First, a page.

LibraryBox to Launch 2.0 Version LibraryBox, an anonymous file-sharing tool used to distribute files to anyone with Wi-Fi access, is preparing to launch a 2.0 version. LibraryBox provides access to information in places where people usually don’t have it, such as areas with little Internet usage that might be off the broadband grid. Using opensourced […]
July/August 2013Volume 52, No. 4
In part because prison and jail authorities have no mechanism to identify children, and in part because no agency is tasked with tracking them, millions of minor children of incarcerated parents often remain invisible in our communities. Because of the stigma of incarceration, families are reluctant to out themselves; consequently, people who interact with these children and their families are often unaware of their predicaments. Yet public libraries are in a unique position to provide a safe haven. They can quietly provide books, media, and other resources that children and families can discover on their own, and they can offer events or opportunities for family and community learning.
Personal Observations, Experience, and Knowledge: How Learning to Write a GED Essay Helps Us Know Ourselves
Located in a rural area of Central New York, Cazenovia Public Library (CPL) offers adult literacy tutoring in Adult Basic Education (ABE), English as a Second Language (ESL) and GED (high school equivalency exam preparation) at two public libraries and a local food pantry, CazCares. About eighty percent of CPL’s adult literacy students are enrolled in the GED program. Volunteer tutors are trained through Madison County Reads Ahead, a public library literacy consortium of eight Central New York libraries in the Mid-York Library System. Madison County Reads Ahead was a literacy initiative originally funded by Community Foundation of Central New York.
According to a 2012 Publisher’s Weekly article, 55 percent of published young adult (YA) books are purchased by adults.1 YA librarians everywhere knew that this was nothing new—adults have been clamoring for YA literature since the rise of Harry Potter, Twilight, and The Hunger Games series. Now, of course, this could mean adults are purchasing books for the teens in their lives, but it also shows that adults are not shying away from reading YA titles. I know that holds true in my library, where patrons and staff are eagerly awaiting the next book in a popular YA series as much as the teens. Adults are discovering that some of the best literature being written right now is happening in the YA world; it tends to be faster-paced, shorter (although that’s not always true), and more character-driven than adult literature. There is also a wealth of genres to choose from. As an avid reader, I personally find YA literature to be more engaging, interesting, and just all around fun compared to the “grown up” stuff. I still read adult books now and then, but you can’t tear me away from a good YA novel. Introducing adults to the amazing YA literature available is one of my favorite parts of readers’ advisory and I love that more adults are discovering this exciting area of literature that YA librarians have been raving about for years.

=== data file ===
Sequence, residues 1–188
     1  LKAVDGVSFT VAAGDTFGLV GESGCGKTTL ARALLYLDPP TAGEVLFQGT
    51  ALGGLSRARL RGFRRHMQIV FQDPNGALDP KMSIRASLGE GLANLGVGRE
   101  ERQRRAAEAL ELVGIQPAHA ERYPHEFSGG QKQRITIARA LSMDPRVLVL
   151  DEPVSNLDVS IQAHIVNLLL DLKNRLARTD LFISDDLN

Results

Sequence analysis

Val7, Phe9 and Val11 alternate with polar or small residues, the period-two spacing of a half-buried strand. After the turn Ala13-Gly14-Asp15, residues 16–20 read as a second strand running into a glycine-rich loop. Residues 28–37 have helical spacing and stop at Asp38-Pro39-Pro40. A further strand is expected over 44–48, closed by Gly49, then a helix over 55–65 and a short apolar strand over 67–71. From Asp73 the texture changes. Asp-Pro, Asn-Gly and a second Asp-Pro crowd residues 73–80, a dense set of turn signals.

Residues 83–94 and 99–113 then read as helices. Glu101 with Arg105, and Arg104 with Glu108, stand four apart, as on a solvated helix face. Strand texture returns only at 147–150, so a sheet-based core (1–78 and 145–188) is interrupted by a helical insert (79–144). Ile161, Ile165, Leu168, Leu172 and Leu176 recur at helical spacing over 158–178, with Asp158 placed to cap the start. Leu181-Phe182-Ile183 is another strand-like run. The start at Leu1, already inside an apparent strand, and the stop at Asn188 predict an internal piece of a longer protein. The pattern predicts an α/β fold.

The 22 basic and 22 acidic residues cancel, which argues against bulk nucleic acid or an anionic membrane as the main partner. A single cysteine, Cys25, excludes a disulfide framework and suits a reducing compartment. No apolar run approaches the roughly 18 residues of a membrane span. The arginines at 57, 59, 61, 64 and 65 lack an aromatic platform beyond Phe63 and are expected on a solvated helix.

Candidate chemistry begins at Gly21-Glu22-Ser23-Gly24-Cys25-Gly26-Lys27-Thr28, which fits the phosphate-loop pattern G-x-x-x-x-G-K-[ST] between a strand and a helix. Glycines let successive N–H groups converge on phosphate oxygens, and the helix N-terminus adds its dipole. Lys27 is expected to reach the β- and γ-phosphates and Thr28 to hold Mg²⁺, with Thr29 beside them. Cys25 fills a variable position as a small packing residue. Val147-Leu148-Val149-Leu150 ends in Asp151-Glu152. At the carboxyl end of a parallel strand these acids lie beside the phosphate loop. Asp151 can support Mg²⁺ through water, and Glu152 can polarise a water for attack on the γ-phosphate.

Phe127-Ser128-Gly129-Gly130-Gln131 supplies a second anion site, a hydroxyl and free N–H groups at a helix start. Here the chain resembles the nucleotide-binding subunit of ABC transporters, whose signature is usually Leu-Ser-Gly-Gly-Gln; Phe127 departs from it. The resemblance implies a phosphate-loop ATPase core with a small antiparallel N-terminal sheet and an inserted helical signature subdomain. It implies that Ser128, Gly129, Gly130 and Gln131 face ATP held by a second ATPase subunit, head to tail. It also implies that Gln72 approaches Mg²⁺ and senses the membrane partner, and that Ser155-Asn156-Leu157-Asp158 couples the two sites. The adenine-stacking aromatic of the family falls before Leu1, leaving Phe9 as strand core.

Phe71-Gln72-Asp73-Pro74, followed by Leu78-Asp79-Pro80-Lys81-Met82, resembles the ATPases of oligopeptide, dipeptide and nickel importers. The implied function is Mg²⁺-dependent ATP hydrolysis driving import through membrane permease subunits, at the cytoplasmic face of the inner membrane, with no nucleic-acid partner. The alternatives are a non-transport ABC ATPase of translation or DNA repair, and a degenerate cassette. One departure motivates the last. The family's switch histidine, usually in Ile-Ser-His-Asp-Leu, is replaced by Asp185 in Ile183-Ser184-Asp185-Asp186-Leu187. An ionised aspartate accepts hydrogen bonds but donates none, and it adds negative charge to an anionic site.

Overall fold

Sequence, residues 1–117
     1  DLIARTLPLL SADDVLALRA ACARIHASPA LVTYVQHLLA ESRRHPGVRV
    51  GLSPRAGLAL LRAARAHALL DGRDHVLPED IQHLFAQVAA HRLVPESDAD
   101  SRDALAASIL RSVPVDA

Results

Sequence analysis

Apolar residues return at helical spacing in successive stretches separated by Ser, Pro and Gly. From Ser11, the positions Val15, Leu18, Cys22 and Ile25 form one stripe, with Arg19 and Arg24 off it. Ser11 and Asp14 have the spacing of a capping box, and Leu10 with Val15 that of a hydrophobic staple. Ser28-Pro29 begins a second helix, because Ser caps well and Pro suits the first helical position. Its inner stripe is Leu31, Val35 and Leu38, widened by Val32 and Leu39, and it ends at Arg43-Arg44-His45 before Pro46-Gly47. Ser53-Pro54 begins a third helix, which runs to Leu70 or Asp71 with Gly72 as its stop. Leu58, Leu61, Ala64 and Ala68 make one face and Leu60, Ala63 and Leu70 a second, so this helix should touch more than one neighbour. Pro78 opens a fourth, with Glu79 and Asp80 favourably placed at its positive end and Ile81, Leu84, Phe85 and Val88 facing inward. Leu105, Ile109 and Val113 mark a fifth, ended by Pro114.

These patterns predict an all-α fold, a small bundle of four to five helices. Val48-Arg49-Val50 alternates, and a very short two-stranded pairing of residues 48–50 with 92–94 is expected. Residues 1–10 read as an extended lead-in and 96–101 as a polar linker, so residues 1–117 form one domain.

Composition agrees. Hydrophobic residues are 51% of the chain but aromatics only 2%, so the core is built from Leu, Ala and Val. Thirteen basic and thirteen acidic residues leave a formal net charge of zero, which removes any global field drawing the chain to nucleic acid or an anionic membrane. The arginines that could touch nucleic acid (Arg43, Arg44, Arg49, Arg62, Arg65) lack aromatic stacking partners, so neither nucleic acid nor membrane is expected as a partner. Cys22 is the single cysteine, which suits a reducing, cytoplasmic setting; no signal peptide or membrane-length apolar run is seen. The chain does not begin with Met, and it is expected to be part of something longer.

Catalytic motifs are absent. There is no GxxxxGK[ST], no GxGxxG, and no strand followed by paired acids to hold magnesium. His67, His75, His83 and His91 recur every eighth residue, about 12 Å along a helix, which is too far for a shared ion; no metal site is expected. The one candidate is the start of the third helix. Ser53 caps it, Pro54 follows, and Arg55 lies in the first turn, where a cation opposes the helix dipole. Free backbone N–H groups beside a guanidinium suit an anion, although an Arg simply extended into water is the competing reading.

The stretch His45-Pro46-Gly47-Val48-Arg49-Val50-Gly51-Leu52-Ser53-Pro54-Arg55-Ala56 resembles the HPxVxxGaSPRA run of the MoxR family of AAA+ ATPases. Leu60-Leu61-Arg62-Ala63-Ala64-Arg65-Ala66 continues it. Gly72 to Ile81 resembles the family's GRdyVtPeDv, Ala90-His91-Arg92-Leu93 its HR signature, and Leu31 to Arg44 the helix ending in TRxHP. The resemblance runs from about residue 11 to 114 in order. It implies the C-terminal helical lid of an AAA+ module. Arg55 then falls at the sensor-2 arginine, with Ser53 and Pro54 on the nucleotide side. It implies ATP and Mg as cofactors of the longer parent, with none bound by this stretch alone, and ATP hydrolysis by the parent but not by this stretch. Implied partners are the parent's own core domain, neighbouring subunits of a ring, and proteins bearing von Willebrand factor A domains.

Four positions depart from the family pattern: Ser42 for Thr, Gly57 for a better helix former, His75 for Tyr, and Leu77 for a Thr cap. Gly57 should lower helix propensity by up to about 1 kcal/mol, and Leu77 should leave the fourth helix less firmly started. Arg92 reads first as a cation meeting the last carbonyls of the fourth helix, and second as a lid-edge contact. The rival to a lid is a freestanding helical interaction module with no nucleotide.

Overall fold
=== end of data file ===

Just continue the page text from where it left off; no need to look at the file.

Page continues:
This is probably going to surprise no one: my wife and I, and our son, live in a highly connected household. The three of us work and play online, jumping seamlessly from computer to tablet to phone to television. Whether we’re planning, budgeting, socializing, or entertaining, using technology to enhance my family’s life has become an expectation, not a novelty.
One of my earliest involvements with PLA was with the 1987 book, Output Measures for Public Libraries.1 I recall the sense that we were developing new measures for a new era. Indeed it was a bold step to begin looking at what a public library delivers to its community rather than at the resources (budget, collection size, and building size, for example) that the library has to work with. The measures a public library uses are important because they shape the way we think about libraries, library service, and the community. Also, public libraries use measurement for management of services and resources; for planning and assessment over time; for justifying funding requests; and for reporting to local, state, and national authorities. It is often helpful for a library to be able to compare itself to some comparable libraries, the selection of which may vary depending on the purpose.